USGC says new U.S.-Mexico-Canada agreement preserves market access


The U.S. Grain Counil (USGC) said the new United States-Mexico-Canada Agreement (USMCA) outlines terms of trade between the U.S. grains industry and its two largest customers that would preserve duty-free access to those markets and offer improvements to the procedures necessary for the free flow of trade.

USGC said the agreement kept what they described as “favorable trade terms that helped build a deeply integrated and growing supply value chain for U.S. grains and livestock.”

“The agreement adds positive measures related to rapid response for sanitary and phytosanitary (SPS) challenges, calls for increased transparency and science-based SPS measures in accordance international standards and specifically addresses agricultural biotechnology, including new breeding methods and gene editing,” USGC added.

“No trade agreement has had more impact on our sector than NAFTA which prompted explosive growth in our export sales to both countries as well as the development of a fully-integrated grains and livestock supply value chain within North America,” USGC Chairman Jim Stitzlein said in a statement.

Mexico and Canada are Nebraska’s two largest trading partners.

Nebraska’s top agricultural exports to Canada and Mexico are: beef: $246.6 million; soybeans and soybean products, $217.6 million; sugars and sweeteners, $124.2 million; ethanol, $88.5 million; and pork, $78.3 million.

USGC said Mexico has imported more than 14 million metric tons (551 million bushels) of U.S. corn thus far in the 2017-18 marketing year, September 2017 to July 2018, already exceeding last marketing year’s record-setting total and maintaining the country’s rank as top buyer of U.S. corn. Mexico is also the largest importer of U.S. dried distillers grains with solubles (DDGS) this marketing year at 1.95 million tons, up 3.2 percent year-over-year.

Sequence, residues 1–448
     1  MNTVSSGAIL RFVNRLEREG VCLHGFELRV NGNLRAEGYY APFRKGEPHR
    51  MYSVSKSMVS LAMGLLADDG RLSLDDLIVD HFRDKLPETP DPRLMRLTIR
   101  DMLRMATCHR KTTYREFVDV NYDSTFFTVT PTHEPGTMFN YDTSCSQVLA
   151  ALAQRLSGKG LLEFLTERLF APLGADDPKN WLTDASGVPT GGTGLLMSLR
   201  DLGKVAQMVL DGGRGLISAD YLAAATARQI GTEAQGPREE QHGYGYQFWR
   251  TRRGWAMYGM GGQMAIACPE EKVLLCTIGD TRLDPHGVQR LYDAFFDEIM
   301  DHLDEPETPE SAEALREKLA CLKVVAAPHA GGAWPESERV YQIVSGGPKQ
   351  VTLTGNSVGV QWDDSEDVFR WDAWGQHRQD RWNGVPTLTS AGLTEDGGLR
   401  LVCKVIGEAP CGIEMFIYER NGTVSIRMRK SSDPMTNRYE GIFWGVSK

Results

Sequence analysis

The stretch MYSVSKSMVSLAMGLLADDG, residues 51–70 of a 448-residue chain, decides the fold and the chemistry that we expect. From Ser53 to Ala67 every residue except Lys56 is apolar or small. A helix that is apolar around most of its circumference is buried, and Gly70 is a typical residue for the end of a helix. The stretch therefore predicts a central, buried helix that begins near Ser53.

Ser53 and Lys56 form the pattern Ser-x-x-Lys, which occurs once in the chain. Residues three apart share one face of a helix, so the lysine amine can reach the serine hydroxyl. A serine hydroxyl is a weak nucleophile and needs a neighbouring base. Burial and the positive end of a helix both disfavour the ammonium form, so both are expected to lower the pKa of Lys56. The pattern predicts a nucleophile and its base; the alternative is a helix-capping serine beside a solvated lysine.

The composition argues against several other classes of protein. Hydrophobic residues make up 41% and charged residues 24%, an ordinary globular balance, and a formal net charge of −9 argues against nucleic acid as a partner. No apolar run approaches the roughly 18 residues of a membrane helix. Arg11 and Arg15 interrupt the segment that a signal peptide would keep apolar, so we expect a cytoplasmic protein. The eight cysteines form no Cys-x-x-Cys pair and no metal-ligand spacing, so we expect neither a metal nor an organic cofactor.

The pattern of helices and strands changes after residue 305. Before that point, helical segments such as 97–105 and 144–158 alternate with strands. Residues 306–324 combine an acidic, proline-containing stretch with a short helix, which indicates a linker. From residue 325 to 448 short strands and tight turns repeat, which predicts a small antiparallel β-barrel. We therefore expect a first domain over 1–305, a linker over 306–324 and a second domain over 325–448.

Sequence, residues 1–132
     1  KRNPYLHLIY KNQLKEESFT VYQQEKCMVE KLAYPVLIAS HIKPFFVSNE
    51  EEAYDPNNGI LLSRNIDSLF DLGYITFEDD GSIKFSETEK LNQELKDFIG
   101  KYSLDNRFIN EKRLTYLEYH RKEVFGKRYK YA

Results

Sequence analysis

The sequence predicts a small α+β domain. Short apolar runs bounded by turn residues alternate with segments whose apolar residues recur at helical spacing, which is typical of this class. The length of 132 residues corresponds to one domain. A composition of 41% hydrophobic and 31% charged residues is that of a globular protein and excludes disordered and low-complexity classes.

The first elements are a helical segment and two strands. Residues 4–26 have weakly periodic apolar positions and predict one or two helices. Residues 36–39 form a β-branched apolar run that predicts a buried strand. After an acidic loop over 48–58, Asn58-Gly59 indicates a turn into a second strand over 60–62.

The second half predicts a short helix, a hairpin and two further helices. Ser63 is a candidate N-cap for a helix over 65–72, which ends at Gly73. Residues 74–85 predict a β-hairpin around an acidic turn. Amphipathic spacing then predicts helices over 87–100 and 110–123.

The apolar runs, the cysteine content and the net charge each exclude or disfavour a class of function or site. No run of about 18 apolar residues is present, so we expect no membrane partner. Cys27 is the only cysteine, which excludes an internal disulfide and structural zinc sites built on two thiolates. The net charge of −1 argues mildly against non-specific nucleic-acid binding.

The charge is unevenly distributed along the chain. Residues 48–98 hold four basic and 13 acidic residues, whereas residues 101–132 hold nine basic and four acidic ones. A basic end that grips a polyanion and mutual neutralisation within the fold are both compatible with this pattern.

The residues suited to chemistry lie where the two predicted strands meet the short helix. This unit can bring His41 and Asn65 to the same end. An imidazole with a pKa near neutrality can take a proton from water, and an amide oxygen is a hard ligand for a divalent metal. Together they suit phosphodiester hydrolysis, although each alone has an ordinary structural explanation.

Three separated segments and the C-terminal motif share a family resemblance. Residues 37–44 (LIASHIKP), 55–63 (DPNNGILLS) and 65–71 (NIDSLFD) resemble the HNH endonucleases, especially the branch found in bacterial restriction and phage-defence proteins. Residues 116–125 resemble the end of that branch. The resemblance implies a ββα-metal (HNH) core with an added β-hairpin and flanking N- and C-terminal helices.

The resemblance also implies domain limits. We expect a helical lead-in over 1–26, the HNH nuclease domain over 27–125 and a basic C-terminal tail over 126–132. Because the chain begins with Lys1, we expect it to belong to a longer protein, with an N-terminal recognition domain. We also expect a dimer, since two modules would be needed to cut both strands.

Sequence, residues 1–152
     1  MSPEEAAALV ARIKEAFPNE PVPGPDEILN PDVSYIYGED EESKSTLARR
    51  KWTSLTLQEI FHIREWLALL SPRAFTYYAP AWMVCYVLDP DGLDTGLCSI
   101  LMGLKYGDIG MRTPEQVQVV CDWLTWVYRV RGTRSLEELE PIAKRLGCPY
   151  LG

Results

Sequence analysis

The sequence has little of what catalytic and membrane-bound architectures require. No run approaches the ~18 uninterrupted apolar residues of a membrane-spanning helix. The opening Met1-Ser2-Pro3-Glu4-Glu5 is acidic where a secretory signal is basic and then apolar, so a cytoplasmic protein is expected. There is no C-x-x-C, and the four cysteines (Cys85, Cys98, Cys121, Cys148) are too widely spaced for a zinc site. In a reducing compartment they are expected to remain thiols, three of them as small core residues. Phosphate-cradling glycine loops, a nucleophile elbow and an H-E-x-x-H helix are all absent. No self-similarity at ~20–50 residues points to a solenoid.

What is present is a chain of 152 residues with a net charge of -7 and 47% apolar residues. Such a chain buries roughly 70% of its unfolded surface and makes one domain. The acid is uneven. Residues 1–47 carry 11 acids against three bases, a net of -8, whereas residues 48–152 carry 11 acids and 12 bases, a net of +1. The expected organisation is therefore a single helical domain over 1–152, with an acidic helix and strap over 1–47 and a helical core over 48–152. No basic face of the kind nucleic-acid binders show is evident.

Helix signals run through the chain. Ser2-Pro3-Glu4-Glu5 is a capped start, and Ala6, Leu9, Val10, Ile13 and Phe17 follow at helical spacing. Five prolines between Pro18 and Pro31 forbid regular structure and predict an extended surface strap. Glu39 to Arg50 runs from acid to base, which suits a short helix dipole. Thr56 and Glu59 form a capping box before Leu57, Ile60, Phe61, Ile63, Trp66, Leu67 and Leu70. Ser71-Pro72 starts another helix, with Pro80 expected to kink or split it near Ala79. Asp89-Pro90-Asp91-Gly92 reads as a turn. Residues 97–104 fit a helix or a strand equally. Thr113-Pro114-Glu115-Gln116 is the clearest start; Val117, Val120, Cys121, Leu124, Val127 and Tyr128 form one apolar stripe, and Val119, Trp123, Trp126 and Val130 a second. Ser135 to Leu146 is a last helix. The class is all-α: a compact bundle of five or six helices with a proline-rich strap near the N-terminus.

Canada is a major ethanol and DDGS buyer. The country imports close to 20 percent of its domestic fuel ethanol, nearly all of it from the United States. As the second largest buyer of U.S. ethanol overall, USGC said Canada has imported nearly 307 million gallons (equivalent to 109 million bushels of corn) this marketing year. Canadian imports of U.S. DDGS have steadily increased since the 2014-15 marketing year, with current marketing year imports of 605,000 tons.

“Over the past two decades, this agreement has proven beneficial for the producers, agricultural sectors and economies of all three countries,” Stitzlein said.

The International Trade Commission (ITC) will now review the agreement and issue a formal report on its economic impacts. Congress will also begin to examine the new text, which is likely to be signed in late November by the three countries. Then the countries’ respective legislative bodies must approve the pact before it becomes law and enters into force.

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